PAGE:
Courtesy of Sylvia Nyamuhungu
It’s only been two years since Sylvia Nyamuhungu graduated from Calvin University, but she has already put her international development degree into action.
Nyamuhungu is a refugee community organizer, but she doesn’t just work for refugees—as a former refugee herself, she understands them. According to Nyamuhungu, her work includes working “with refugee leaders to organize around issues that are affecting refugee and immigrant communities, highlighting these issues to elected officials, directors of organizations and community members as whole with the goal to affect systemic change and more.”
The Trump administration slashed the number of refugees coming to the United States by 65% over the first three fiscal years of his presidency, according to the Office of Immigration Statistics annual flow reports. Now, following a presidency that drastically decreased the number of refugees allowed into the U.S., Nyamuhungu says it is essential that resettled refugees in the U.S. have a voice in changing immigration policy.
“Refugees are and can be more vocal for policy change,” she said. “We can do it ourselves. We know what the needs are. We are organizing ourselves and trying to meet those needs.”
As a freshman, Nyamuhungu worked as an interpreter for Liaison Linguistics, using her knowledge of Swahili and Kinyarwanda to help immigrants and refugees like her parents who needed translation services.
As a sophomore, she worked at the Refugee Education Center, calling refugee or immigrant parents to teach them about different schooling opportunities for their children, then going so far as to pick the kids up from school after they’d enrolled.
In her last two years of college, she worked at the Treetops Collective, mentoring teenage refugees and working to give them the opportunities she wished she’d had when she was their age.
Through these positions, Nyamuhungu helped immigrants and refugees from a place of genuine understanding. Having recently been a teenage refugee stressed about grades and college preparation, she empathized with her mentees that needed more guidance on ACTs, SATs and college applications.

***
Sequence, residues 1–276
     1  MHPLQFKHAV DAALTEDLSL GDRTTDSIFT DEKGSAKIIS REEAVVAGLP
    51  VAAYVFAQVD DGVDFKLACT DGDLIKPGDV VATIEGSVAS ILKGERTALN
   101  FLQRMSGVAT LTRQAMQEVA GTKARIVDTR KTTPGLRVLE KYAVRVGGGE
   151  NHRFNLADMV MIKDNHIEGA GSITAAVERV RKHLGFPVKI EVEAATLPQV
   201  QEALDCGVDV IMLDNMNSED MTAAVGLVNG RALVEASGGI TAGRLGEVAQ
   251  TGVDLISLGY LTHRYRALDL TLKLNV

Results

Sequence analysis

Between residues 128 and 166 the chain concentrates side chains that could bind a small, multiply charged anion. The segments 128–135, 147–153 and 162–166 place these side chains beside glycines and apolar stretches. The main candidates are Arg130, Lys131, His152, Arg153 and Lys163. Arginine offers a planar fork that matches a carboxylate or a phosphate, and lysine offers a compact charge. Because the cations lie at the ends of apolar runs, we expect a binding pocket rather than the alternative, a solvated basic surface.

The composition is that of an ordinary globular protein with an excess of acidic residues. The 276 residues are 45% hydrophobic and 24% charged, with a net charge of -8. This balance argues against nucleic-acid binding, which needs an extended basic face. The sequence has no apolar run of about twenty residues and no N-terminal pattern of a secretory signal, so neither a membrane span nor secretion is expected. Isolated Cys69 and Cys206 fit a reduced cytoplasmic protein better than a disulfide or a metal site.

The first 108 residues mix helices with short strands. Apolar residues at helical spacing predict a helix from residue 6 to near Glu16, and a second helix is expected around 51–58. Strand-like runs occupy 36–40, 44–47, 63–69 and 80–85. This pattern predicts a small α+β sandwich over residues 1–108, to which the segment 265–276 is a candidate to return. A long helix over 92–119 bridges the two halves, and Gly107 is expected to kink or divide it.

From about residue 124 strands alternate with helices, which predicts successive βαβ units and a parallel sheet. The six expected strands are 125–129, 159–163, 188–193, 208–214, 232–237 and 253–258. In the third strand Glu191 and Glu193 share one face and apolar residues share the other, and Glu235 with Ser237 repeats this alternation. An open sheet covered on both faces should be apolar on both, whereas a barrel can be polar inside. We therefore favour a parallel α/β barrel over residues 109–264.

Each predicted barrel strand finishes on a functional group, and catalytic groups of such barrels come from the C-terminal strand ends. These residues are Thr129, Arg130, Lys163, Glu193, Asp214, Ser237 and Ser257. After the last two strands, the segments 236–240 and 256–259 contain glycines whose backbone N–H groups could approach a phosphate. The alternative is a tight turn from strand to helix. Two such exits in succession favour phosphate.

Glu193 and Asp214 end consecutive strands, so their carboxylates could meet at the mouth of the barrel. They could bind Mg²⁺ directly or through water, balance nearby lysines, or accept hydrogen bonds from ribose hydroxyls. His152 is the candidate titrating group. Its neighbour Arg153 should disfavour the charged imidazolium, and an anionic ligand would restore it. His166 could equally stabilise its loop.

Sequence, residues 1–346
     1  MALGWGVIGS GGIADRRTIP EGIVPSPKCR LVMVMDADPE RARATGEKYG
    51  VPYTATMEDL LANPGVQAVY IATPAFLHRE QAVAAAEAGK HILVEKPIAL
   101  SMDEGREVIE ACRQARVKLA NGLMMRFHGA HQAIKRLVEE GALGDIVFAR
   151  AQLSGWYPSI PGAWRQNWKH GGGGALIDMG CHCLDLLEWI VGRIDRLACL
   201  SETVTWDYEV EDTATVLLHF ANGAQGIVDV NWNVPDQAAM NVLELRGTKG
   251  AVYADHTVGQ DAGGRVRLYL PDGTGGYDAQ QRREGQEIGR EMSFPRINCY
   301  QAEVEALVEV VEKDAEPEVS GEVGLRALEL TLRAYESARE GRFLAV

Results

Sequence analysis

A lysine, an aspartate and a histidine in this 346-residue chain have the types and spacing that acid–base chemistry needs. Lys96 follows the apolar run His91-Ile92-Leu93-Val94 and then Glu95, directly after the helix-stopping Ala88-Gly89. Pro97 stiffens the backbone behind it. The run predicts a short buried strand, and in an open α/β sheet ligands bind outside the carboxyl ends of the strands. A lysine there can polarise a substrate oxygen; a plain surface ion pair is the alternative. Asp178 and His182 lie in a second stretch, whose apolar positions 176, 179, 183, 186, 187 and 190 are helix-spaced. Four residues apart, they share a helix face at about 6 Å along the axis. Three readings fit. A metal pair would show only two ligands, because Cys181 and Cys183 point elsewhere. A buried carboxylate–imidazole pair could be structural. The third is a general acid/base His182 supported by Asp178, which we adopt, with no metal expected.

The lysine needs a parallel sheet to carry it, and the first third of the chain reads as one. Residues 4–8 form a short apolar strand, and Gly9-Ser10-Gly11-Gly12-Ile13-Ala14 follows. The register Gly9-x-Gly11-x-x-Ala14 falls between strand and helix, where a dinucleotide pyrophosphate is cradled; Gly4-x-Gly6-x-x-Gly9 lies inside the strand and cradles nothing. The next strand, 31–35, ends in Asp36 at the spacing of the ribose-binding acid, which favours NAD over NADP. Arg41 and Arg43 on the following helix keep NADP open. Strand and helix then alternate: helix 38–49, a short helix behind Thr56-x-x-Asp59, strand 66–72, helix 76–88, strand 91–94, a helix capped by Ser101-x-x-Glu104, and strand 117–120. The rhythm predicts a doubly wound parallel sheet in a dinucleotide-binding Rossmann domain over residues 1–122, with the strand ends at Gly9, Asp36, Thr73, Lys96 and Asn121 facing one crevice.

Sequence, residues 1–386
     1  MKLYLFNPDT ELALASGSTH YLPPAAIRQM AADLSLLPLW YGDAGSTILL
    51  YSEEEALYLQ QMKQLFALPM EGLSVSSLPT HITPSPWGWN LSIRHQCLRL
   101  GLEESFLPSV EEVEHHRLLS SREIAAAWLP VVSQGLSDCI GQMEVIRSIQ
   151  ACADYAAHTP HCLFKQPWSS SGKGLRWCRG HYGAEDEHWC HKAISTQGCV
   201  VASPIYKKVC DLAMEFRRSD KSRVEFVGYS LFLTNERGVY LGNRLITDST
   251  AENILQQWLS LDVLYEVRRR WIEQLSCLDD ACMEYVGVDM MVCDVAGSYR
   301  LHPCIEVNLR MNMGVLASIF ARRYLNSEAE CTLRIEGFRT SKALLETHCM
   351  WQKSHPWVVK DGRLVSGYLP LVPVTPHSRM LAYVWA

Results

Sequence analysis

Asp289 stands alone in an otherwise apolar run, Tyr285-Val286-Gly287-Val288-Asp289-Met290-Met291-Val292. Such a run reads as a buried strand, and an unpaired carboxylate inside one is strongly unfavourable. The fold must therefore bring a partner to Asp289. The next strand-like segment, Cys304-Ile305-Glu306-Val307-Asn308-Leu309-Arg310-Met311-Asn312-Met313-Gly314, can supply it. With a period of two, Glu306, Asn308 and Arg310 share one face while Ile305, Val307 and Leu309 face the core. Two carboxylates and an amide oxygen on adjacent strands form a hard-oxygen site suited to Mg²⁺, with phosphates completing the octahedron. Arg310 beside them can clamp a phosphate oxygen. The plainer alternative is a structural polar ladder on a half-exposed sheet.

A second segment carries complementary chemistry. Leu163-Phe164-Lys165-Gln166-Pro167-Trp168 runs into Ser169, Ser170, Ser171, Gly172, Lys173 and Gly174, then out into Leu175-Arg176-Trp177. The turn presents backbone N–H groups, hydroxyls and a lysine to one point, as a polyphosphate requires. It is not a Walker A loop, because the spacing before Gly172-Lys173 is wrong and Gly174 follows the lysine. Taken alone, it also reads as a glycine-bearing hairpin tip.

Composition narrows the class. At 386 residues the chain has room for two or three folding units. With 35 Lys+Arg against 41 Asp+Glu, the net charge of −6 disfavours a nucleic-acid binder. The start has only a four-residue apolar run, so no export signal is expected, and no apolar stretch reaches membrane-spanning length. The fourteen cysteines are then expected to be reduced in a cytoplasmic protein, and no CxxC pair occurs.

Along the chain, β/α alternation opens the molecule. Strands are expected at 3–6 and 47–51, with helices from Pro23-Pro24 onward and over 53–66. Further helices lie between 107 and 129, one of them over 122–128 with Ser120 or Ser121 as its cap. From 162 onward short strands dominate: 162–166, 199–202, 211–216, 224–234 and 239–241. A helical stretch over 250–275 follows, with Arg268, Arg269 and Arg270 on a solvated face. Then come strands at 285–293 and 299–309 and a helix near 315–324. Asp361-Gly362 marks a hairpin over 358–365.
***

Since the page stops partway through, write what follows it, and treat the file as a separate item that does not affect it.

Now, Nyamuhungu’s never-ending energy has led her to a position at Church World Service as a refugee community organizer. At CWS, Nyamuhungu works to connect Michigan refugees to elected officials to assure that they have an influence on the policies that affect them.
Over the course of the Trump Era, refugee admittance was slashed from 110,000 per fiscal year to a mere 15,000. Since taking office, President Joe Biden has promised to reverse Trump’s limitations on refugee admittance but has failed to act on his commitment to progress.
Recently, CWS partnered with other national organizations to write a letter to the Biden administration addressing this failure. The letter had close to 300 signatures from refugees resettled in the U.S. One of the signatures was Nyamuhungu’s.
“I have to speak up,” she said. “If I don’t, I don’t get to contribute to the social narrative.”
Nyamuhungu has poured into her community, and she doesn’t seem to be slowing down. These are more than just jobs for her—they are passion projects driven by lived experience.
“If we don’t tell our stories, if we don’t share our needs and experiences, somebody else is doing it for us and they’re probably not doing it in the best way that we could do it,” she said.
“I grew up hearing ‘one day we’ll be resettled.’ I didn’t believe it,” she said.
Through her work advocating for refugees, she strives to give families that are waiting to be resettled a reason to hope that the cap set by Trump will change.
“I just care,” she said. “When you care about things, you just stretch yourself. I would do the job for free.”